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California 401 Water Quality Certification (14-CA-d)

Section 401 of the Clean Water Act (CWA) (33 U.S.C. § 1251 et seq.) requires developers subject to a federal license or permit to obtain a 401 Water Quality Certification (WQC) if the project may result in any discharge into the navigable waters of the United States. Under Section 401(a)(1) of the CWA (33 U.S.C. § 1341), states have the authority to review and approve, condition, waive, or deny a 401 WQC. Accordingly, a federal agency may not issue a license or permit authorizing the construction or operation of a project that may result in any discharge into the navigable waters of the United States unless the appropriate state agency issues a water quality certification for the project or waives certification by failing or refusing to act on a request for certification within a reasonable period of time, not to exceed one year. 33 USC 1341(a)(1). The California State Water Resources Control Board (SWRCB) and the regional water quality control boards oversee the Section 401 water quality certification process for California under Code of Regulations Title 23, Section 3855 et. seq.


401 Water Quality Certification Process

14-CA-d.1 - Section 401 Water Quality Certification Application and Associated Documents

The developer must submit a Section 401 Water Quality Certification Application to the California State Water Resources Control Board (SWRCB) where there is an appropriation of water, a hydroelectric facility licensed or exempted by the Federal Energy Regulatory Commission (FERC), or any other diversion of water for domestic, irrigation, power, municipal, industrial or other beneficial use, if such activity may result in any discharge to a navigable water of the United States. 23 CCR 3855. The application must include:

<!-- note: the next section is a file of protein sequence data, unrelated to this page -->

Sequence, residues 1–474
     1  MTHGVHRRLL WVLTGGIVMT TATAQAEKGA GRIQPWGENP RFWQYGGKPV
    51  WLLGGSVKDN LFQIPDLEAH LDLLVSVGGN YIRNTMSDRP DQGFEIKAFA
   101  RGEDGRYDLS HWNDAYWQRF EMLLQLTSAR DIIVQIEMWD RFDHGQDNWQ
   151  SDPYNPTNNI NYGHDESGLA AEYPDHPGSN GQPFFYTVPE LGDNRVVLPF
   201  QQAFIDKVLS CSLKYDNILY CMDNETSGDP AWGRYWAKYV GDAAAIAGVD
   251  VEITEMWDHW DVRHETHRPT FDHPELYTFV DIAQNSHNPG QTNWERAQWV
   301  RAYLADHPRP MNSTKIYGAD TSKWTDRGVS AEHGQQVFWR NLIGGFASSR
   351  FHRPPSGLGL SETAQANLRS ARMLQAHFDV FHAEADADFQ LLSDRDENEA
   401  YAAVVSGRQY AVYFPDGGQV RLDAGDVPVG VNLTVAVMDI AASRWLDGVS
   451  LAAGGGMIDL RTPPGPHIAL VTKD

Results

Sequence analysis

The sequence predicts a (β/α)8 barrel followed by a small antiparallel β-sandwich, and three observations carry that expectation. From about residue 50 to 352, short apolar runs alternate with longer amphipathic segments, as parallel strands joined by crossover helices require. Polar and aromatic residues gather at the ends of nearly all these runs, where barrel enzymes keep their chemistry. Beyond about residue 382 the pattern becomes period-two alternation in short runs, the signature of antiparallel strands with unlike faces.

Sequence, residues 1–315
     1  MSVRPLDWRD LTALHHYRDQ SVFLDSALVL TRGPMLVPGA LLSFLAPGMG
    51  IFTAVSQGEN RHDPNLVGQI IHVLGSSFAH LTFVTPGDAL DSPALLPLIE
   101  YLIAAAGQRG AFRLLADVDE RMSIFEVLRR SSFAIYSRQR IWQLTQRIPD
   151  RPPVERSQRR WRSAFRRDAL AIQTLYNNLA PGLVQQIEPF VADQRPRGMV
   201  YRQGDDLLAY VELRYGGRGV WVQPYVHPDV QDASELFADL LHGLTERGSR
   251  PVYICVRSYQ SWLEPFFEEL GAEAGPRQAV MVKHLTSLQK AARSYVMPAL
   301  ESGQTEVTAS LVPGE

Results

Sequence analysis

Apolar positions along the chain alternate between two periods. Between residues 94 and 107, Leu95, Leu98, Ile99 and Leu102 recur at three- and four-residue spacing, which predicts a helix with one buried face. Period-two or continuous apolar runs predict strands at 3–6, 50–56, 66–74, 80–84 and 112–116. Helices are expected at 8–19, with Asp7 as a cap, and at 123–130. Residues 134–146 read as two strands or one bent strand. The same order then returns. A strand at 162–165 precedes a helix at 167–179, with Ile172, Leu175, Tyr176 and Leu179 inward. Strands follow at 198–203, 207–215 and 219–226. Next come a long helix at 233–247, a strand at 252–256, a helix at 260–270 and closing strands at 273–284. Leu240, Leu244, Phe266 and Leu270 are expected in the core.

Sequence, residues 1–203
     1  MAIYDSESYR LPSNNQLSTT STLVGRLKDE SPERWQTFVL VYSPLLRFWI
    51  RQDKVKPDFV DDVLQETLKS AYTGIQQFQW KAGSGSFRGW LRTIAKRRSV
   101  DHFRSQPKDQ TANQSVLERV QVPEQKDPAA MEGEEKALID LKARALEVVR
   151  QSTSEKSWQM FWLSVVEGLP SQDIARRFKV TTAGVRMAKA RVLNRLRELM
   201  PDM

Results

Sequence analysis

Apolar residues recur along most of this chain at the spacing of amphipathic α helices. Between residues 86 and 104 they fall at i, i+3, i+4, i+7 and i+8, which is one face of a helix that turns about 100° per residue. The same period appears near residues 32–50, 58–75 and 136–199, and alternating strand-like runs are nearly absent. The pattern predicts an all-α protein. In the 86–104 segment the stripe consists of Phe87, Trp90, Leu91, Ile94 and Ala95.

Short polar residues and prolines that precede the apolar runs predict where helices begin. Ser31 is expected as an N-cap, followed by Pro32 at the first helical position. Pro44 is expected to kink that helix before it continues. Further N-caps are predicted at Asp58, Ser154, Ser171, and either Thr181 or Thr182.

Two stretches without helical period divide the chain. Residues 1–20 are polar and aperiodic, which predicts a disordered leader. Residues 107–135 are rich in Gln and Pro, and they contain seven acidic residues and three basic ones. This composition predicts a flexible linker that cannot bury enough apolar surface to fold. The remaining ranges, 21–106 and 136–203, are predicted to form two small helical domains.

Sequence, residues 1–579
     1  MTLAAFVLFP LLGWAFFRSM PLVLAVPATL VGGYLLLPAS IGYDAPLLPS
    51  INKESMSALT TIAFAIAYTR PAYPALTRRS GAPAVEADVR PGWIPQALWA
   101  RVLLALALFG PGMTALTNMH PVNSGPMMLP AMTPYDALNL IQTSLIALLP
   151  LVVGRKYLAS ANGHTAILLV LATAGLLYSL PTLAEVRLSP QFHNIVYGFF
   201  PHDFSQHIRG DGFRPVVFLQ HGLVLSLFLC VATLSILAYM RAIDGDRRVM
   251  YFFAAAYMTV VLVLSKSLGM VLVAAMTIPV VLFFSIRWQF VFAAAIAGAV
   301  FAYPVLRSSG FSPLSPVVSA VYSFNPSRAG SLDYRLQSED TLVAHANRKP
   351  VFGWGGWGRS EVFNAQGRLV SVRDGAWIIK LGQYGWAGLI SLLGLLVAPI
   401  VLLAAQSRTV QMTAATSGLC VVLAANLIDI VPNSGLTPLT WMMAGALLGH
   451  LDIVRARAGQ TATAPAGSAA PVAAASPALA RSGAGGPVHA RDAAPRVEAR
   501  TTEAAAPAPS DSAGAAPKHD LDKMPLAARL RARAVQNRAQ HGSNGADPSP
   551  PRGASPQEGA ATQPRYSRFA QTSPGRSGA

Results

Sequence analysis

• The name, address, and phone number of the applicant (and the applicant’s agent if an agent is submitting the application);
  • A full technically accurate description of the activity (including the purpose and final goal);
  • A complete identification of all federal licenses and permits required for the activity;
  • Complete copies of the federal license and permit applications or a written statement that the project does not require any federal licenses or permits;
  • Copies of any final and signed federal, state, or local permits (or draft permits if not finalized);
  • A copy of any draft or final CEQA document(s);
  • The required fee deposit; and
  • A complete project description, including: the name and type of any receiving body(ies) or water; the location of the activity; an estimate of the amount of water the project will adversely impact; and a description of steps taken or that will be taken to avoid, minimize, or compensate for loss of or significant adverse impacts to the beneficial use of waters of the state.

23 CCR 3856.


Hydropower


For any hydropower project requiring a FERC license, license amendment, or FERC exemption, the developer must submit a Section 401 Water Quality Certification Application, specifically indicating that the developer is seeking a FERC license, amendment, or exemption. See 23 CCR 3860(b).

Closed-System Pumped Storage